Michigan International Speedway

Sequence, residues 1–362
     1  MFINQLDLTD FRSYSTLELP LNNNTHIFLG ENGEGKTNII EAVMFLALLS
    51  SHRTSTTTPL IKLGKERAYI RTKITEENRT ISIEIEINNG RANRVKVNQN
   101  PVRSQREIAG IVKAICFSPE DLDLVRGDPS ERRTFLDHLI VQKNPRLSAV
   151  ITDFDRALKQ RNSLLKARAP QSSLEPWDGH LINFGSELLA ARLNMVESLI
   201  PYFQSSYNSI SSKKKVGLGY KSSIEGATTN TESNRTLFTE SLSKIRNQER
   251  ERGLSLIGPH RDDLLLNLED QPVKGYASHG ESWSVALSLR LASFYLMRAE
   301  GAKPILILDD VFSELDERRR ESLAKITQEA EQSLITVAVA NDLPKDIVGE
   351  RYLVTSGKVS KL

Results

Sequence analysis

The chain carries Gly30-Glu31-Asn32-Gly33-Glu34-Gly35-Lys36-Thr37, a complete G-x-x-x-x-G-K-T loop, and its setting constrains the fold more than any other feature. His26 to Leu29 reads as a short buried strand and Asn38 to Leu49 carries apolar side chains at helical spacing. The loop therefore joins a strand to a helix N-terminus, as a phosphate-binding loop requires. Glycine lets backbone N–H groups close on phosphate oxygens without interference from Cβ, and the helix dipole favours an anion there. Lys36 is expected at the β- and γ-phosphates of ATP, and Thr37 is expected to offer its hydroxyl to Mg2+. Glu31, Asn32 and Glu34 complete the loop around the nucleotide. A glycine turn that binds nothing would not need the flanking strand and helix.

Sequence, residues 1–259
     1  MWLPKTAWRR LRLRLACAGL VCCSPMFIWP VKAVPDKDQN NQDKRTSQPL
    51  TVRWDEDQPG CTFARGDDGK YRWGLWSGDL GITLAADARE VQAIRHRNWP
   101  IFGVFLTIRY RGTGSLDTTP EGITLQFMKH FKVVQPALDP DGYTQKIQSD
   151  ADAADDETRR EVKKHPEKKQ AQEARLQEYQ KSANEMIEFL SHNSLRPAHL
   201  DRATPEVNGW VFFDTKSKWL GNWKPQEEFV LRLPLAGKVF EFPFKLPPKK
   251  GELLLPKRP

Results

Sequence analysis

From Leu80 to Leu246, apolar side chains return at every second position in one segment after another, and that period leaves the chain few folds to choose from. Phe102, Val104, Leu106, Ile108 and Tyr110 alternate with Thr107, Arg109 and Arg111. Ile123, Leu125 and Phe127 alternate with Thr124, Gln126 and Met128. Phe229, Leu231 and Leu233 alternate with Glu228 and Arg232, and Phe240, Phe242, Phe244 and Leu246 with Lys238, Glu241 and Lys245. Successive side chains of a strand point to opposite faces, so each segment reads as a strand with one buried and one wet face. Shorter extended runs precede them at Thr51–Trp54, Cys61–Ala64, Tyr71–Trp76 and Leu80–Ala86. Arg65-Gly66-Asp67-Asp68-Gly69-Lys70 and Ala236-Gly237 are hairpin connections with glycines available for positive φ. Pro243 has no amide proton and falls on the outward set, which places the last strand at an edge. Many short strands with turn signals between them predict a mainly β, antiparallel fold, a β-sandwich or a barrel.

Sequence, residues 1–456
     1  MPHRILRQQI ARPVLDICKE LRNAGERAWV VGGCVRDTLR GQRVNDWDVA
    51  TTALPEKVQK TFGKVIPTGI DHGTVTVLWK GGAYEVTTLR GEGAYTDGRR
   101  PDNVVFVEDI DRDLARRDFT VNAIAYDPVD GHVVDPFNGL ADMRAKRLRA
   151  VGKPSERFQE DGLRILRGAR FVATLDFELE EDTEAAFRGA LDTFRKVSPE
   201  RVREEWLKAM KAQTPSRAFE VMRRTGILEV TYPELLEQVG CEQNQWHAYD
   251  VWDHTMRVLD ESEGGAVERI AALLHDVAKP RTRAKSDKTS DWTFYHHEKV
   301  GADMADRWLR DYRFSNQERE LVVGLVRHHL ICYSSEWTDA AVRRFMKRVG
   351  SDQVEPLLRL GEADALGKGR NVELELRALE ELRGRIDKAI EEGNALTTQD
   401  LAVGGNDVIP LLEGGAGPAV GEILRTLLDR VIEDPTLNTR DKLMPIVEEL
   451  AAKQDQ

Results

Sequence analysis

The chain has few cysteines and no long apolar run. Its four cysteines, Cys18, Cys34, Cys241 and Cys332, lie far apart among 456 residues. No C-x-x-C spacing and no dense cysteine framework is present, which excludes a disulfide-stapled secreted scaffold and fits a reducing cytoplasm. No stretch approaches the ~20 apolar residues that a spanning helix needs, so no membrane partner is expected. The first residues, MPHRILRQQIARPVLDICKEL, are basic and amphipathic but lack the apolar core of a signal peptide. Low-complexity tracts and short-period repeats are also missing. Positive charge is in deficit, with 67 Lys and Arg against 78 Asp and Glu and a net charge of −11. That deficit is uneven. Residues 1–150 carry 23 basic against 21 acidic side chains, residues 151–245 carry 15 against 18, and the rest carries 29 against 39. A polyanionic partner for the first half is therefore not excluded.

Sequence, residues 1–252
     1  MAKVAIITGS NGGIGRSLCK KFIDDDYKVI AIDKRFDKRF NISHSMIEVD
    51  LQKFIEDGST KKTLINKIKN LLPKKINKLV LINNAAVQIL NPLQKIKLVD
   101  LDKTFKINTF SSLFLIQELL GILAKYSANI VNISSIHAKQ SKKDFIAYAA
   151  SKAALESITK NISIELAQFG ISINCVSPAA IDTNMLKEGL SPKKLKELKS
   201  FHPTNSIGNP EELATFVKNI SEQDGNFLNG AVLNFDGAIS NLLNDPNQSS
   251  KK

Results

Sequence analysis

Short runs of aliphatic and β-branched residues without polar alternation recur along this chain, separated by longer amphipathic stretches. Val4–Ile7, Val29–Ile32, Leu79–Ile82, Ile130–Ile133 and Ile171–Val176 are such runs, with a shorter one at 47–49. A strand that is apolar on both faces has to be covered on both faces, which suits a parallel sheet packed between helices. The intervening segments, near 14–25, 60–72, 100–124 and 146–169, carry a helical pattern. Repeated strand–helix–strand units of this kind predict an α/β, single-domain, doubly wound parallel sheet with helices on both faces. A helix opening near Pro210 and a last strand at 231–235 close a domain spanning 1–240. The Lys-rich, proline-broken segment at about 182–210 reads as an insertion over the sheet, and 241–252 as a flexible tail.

Take Highway 12 out of Detroit, heading west towards Chicago, and after about an hour you will reach Michigan International Speedway on a 816-acre site in the Irish Hills. The track was built in 1967 by a Detroit property developer called Lawrence LoPatin, who was the first president of American Raceways, Inc. which operated a number of tracks at the time. LoPatin hired Charles Moneypenny - the man who designed the Daytona International Speedway - to create a two-mile D-shaped speedway - with 18-degree banking in the turns - and got Stirling Moss to lay out a road course on the infield and outside the main bowl. The track opened the following year and the first big event was a 250-mile USAC race won by Ronnie Bucknum. NASCAR was also an early visitor and has remained a regular event on the MIS calendar while CanAm and TransAm races were also held. American Raceways went into receivership in 1972 and in mid-1973 Roger Penske acquired the facility and began a renovation program. The road circuits were no longer used and action was concentrated on the oval - which is one of the fastest in use in CART racing. The first 500-mile race was held in 1981 and was won by Pancho Carter.